How to communicate like a CEO
Our guest blog this week comes from Ann Wright co-founder of Rough House Media. Ann has more than 25 years’ experience of working with the media – on both sides of the fence! She has worked on prestigious projects and gives us her insights into how we can all be the best when it comes to communication.
Whatever you do in life, whether that be working on your own micro-business, climbing the corporate career ladder or running a small business, you won’t get very far if you can’t communicate well.
We all think we can communicate – after all we’re all able to talk and have a conversation aren’t we? But actually, how easy do we find it to get out point across?
As a journalist, TV producer and media trainer, my business is communication, but even I find it hard to respond when faced with people on a political soapbox – even if I know they’re wrong.
So why does it matter – what are the benefits of communicating well? Well, for me, there are six:
- It enhances your reputation
- It makes you seem credible
- It calms nerves about your business and your abilities
- It Increases sales
- It persuades people to your cause
- It helps you negotiate well and win arguments
Many will have heard the formula that says when analysing good communication, appearance contributes 55%, your voice is 38% and just 7% is what you say.
How do we make sure our appearance doesn’t detract from our message?
- Facial expression – be interested, alert, positive and responsive & listen to your audience
- Maintain eye contact – if you don’t, you’ll seem uncomfortable or even shifty
- Be natural – if you don’t naturally gesture, don’t do it, and if you do, don’t try and suppress it
- Body language – be positive, be open, sit up straight, don’t slouch, don’t be too tense and don’t invade your listener’s space
- Look right – make sure you are wearing appropriate clothing and are groomed. You need to look like a credible representative of your company. People will make assumptions about you if you are wearing inappropriate dress and can be distracted from what you say
- And finally be confident – go into every communication with the right mindset, knowing your material, know how to control your nerves, be that sipping from water, or deep breathing or another technique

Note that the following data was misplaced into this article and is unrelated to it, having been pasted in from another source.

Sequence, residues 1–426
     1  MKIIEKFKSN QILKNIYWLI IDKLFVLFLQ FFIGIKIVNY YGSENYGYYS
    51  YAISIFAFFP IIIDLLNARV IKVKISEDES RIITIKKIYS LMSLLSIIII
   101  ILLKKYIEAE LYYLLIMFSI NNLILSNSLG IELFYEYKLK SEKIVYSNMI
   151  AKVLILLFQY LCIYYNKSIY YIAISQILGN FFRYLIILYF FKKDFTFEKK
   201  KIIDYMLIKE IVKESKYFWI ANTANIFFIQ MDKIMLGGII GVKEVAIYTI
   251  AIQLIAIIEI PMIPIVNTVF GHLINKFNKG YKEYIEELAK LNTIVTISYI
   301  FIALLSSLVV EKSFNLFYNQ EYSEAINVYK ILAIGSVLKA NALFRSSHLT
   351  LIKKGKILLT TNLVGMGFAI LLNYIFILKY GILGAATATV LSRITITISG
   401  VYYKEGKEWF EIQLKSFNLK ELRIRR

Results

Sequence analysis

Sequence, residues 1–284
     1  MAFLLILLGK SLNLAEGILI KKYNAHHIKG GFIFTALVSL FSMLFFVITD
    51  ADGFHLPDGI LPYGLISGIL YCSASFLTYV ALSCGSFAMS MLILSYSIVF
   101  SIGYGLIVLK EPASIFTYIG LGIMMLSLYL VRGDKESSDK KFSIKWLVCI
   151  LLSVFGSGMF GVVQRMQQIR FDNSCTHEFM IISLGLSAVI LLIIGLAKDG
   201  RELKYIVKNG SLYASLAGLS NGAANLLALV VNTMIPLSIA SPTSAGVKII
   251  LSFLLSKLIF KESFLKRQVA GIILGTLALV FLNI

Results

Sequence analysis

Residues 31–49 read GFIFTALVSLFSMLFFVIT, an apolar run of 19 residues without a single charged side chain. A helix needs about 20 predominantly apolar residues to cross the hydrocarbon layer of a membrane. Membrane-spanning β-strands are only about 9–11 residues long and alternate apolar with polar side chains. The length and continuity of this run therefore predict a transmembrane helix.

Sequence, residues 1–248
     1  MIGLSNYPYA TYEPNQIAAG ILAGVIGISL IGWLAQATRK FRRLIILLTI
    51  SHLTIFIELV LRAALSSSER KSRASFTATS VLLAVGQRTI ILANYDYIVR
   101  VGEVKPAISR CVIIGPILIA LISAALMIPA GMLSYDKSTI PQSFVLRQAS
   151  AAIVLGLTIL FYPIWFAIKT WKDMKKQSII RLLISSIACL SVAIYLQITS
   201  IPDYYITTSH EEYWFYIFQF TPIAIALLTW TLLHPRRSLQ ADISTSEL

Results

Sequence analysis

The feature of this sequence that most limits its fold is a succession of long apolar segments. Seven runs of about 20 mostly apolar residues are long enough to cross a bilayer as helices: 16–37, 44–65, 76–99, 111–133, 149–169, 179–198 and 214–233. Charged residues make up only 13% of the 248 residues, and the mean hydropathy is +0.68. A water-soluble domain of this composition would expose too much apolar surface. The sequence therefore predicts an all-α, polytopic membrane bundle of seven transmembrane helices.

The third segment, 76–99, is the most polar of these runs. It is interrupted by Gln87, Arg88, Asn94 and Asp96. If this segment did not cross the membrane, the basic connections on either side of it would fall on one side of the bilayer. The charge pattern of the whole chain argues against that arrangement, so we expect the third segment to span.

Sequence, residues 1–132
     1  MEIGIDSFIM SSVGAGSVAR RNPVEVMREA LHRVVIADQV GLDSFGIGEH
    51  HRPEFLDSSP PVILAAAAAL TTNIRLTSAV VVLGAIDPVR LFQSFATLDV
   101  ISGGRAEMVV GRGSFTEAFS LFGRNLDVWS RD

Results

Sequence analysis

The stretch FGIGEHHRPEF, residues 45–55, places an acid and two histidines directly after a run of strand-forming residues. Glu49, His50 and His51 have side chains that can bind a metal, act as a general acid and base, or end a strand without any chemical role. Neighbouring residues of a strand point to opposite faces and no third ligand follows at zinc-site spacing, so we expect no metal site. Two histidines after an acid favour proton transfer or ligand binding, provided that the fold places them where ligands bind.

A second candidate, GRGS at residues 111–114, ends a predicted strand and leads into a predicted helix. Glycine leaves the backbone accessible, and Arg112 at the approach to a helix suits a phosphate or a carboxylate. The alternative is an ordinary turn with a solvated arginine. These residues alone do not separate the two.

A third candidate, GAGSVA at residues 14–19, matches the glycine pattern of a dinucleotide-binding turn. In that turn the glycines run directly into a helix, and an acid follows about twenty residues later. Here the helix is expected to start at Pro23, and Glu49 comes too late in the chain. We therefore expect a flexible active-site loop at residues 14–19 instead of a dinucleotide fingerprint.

Now, the second important thing to consider if you want to improve your communication skills is your voice.
When I’m reading my son a bedtime story, I use a whole range of verbal techniques to make it more exciting and interesting. These can be boiled down to these 6 Ps. Use them all and it will help to give what you have to say more impact.
- Passion – this is the most important thing. That you sound like you mean what you are saying. After all, if you don’t sound like you’re interested in what you’re saying why should anyone else be?
- Pitch – the level, or pitch of your voice makes a difference to how you are perceived. A high squeaky voice it can be unconvincing, and doesn’t necessarily command respect. A deeper tone is more reassuring and authoritative – remember Margaret Thatcher changed her voice when she became leader of the Conservative Party.
- Pauses – these add impact, they signal that you have said something important that you want people to remember, they give people time to absorb what you are saying, and they encourage other people to speak.
- Pace – if you speak too fast, you can sound nervous, and people can’t keep up with what you are saying. If you speak too slowly, there’s a danger you might become boring or sound too laid back. The trick is to vary your pace can add interest to what you say. You might pick up the pace when you want to convey excitement and slow down to add emphasis.
- Projection – give your voice some power, but don’t overwhelm your listener. You need to tailor this to the circumstances and your audience. But remember people must be able to hear what you are saying or they may get annoyed or simply stop trying to listen – don’t your voice disappear into you
- Personality – which is all about being natural and using your own personality. If you are trying to be someone you’re not, you won’t sound convincing.
These are tricks that the masters of communication like Barack Obama, Steve Jobs and Richard Branson, have learned and use in every speech and communication they have. Why not watch some their speeches on Youtube and see how many of these you can spot?
What’s your experiences of public speaking? What skills do you use? Join the conversation.